One evening I got a text from a guy named Kevin. He said that there was a house in Kensington with a room available. It was four girls looking for another girl to move in. I asked how he was related to the house and he said he owned it. I asked for him to send pictures of it. He sent one picture of the outside of the house and one of the bedroom. The outside of the house looked overgrown and in disrepair, but the room looked good. I asked when I could come see it in person. He said he could pick me up from the train station around 4pm. One problem- he had said in the description he sent that it was very close to the station. I refused the ride and said I'd just meet him there, but I needed an exact address. He sent the address. I already had it of course. It was fully visible on the photo of the outside of the house. The addresses were different. I was curious and it was still early morning, so I hopped a train over to see for myself. I found both houses. They were two blocks apart, but totally different houses. I went back and and text him that the pictures and address didn't match. He never responded.

While searching the flatmates website, I found a much less sketchy apartment. The girl I contacted, Ellen, was moving to the UK after just graduating college. She wanted someone to take her lease over until fall (March). She had two roommates, a guy and a girl, both upperclassmen in college. I went to go see the apartment and it was perfect. We all gathered in the kitchen to discuss me moving in. Ellen seemed okay with me moving in within the week. The roommates seemed hesitant, so I asked what they thought about it. It was then that they revealed they had no idea Ellen had started looking for someone to move in. This was all a surprise to them. I explained that I understood, but I did really like their apartment and needed a place for the same amount of time they needed someone to live there and to please consider me. I continued emailing and texting back and forth to Ellen and Hayley, one of the roommates. Finally, they all agreed that I could move in.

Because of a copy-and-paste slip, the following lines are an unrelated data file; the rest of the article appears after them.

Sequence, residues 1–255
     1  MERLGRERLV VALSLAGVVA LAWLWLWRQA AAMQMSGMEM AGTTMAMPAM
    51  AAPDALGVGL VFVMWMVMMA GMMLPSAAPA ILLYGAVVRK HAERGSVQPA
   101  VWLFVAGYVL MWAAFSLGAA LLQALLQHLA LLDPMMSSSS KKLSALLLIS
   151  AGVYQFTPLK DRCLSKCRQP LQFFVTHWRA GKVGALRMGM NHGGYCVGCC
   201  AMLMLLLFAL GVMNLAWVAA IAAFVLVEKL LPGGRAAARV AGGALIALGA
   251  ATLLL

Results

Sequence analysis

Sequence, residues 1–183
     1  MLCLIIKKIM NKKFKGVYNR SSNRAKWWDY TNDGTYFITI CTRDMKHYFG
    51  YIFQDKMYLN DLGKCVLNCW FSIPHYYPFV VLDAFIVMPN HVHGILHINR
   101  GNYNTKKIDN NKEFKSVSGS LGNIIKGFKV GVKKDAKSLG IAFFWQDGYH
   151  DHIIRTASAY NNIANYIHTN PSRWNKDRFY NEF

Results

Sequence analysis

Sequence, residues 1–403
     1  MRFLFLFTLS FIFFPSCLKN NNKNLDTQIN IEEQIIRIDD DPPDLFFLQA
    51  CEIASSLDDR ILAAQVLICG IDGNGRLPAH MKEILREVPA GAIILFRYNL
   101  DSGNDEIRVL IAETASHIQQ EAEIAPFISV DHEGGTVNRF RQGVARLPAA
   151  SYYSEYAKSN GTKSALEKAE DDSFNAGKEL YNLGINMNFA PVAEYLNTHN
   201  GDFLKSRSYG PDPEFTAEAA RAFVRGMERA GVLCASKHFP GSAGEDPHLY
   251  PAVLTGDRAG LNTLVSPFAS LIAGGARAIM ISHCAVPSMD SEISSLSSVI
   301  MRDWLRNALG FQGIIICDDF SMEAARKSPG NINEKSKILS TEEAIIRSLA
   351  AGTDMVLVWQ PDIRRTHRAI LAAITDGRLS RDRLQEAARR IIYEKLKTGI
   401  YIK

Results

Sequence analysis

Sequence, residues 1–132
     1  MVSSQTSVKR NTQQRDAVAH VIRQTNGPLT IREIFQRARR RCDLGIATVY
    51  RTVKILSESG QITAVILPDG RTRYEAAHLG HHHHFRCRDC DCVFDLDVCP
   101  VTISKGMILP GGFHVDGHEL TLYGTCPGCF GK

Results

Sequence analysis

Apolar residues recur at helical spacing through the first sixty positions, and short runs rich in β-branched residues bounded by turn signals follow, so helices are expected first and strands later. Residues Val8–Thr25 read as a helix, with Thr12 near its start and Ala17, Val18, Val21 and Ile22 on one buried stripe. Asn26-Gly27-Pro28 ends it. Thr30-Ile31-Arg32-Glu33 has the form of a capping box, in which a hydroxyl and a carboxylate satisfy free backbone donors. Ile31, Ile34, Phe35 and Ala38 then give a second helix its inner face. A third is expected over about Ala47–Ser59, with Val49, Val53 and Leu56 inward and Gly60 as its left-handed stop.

Moving was quite the ordeal. I had to buy a new bag to fit my magically multiplying luggage. I bought a cheap rolling grocery bag because I've wanted one after seeing all those lucky people not straining thier biceps on the walk back from the grocery store. I stuffed both bags completely full, cleaned the room I was leaving, and headed to the train. Now, I had a heavy purse on one shoulder, a much heavier bag over the other shoulder, and was dragging behind a very full rolling grocery bag. I wore healed boots because they were too big to fit in the bags. While making my way to the train, the wheels of the new bag started falling off. I had to sit all my stuff on the ground to fix the wheels. Shoulda gotten the expensive bag! This delayed me from getting to the station and I missed the train. I took the next one scheduled twenty minutes later. The walk from the train to the apartment is pretty short, but boy it felt long! My shoulders couldn't take all the weight of the bag on one shoulder at a time, so I make-shifted it into a backpack. Not what it was made for, but it helped a lot! I arrived at the apartment feeling simultaeously exhausted and like super woman. So I am now in Moonee Ponds, a suburb of Melbourne, living with Hayley and Kevin. (Please note that this Kevin is in no relation to the creeper who gave me the wrong address.)